The Amer­i­can re­ac­tion

The Pak Banker - - 4EDITORIAL - Na­j­mud­din A Shaikh

IN the days that have passed since Amer­i­can De­fence Sec­re­tary Chuck Hagel vis­ited Kabul and re­ceived a less than cor­dial wel­come from Pres­i­dent Hamid Karzai, there has been no vis­i­ble im­prove­ment in re­la­tions be­tween the Karzai ad­min­is­tra­tion and the In­ter­na­tional Se­cu­rity As­sis­tance Force.

The fact that two Amer­i­cans and some oth­ers were killed in a “green-on-blue” at­tack the day af­ter Karzai made his speech crit­i­cis­ing Amer­ica and the Tal­iban was prob­a­bly a co­in­ci­dence. But the speech it­self blam­ing the two for col­lud­ing to cre­ate se­cu­rity con­di­tions to jus­tify a con­tin­ued Amer­i­can pres­ence, was deemed provoca­tive.

US and Nato com­man­der Gen Joseph Dun­ford is­sued an ad­vi­sory to his com­man­ders in the field ask­ing them to be ex­tra alert af­ter what he termed an in­flam­ma­tory speech that could trig­ger in­sider at­tacks by Afghan forces against Western­ers.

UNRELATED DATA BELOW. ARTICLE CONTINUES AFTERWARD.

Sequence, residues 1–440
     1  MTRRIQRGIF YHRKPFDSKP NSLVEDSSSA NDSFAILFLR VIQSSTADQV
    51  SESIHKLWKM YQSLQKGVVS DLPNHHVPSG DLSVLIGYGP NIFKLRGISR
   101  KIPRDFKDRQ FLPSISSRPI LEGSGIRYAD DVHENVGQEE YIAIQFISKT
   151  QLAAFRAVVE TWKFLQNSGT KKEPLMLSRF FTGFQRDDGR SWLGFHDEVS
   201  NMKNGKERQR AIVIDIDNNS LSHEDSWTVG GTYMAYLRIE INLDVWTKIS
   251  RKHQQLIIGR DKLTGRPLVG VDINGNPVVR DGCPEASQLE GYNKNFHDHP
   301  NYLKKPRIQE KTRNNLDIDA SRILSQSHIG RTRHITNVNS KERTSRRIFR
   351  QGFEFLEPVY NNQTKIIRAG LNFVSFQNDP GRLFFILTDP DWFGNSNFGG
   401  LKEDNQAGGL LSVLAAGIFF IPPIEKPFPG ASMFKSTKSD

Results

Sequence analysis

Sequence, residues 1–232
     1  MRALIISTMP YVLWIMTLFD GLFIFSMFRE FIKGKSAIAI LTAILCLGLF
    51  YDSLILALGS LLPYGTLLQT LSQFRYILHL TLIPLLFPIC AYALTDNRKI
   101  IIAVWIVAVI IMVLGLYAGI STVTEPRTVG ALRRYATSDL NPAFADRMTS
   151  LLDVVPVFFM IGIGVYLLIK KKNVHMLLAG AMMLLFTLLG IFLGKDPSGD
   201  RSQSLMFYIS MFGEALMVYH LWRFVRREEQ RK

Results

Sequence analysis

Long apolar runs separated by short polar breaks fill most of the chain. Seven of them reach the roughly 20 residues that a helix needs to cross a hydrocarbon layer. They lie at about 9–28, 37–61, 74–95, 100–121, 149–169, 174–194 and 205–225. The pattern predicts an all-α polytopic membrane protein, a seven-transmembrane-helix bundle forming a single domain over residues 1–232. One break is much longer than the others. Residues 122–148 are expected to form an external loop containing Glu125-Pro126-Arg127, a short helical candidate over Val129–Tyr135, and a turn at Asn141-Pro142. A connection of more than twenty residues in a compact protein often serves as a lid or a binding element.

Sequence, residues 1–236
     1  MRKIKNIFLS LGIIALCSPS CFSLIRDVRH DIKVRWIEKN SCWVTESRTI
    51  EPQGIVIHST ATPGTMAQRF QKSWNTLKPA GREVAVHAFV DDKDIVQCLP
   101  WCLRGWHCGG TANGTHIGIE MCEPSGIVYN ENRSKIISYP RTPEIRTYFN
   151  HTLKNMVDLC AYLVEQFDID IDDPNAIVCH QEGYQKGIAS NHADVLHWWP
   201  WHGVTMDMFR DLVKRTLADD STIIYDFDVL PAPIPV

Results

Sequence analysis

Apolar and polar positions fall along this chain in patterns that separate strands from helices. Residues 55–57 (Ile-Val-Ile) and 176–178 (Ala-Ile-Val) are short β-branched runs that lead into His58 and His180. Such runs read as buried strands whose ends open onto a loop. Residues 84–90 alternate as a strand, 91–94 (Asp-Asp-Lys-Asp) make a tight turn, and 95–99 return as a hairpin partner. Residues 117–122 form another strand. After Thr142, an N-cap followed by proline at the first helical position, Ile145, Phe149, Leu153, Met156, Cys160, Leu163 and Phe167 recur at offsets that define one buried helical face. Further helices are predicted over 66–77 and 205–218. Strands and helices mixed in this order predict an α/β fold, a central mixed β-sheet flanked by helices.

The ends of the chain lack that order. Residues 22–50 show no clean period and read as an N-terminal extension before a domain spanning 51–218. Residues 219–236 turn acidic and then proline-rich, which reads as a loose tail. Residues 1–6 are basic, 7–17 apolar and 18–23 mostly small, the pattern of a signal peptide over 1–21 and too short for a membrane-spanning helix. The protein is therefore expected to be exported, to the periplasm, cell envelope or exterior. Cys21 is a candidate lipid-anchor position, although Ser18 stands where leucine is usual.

He even went on

to say

that “he [Karzai] may is­sue or­ders that put our forces at risk”. It is dif­fi­cult to think of any­thing else that could bet­ter de­scribe how pre­car­i­ous the Afghan-Amer­i­can re­la­tion­ship has be­come.

Af­ter a call from US Sec­re­tary of State John Kerry, Karzai did ac­knowl­edge the im­por­tance of work­ing with Amer­ica and main­tained: “My re­cent com­ments were meant to help re­form, not de­stroy the re­la­tion­ship.” He did not, how­ever, re­tract his charges of Tal­iban-Amer­i­can col­lu­sion or change his adamant stand on the trans­fer of Ba­gram’s Par­wan prison un­con­di­tion­ally to Afghan au­thor­i­ties.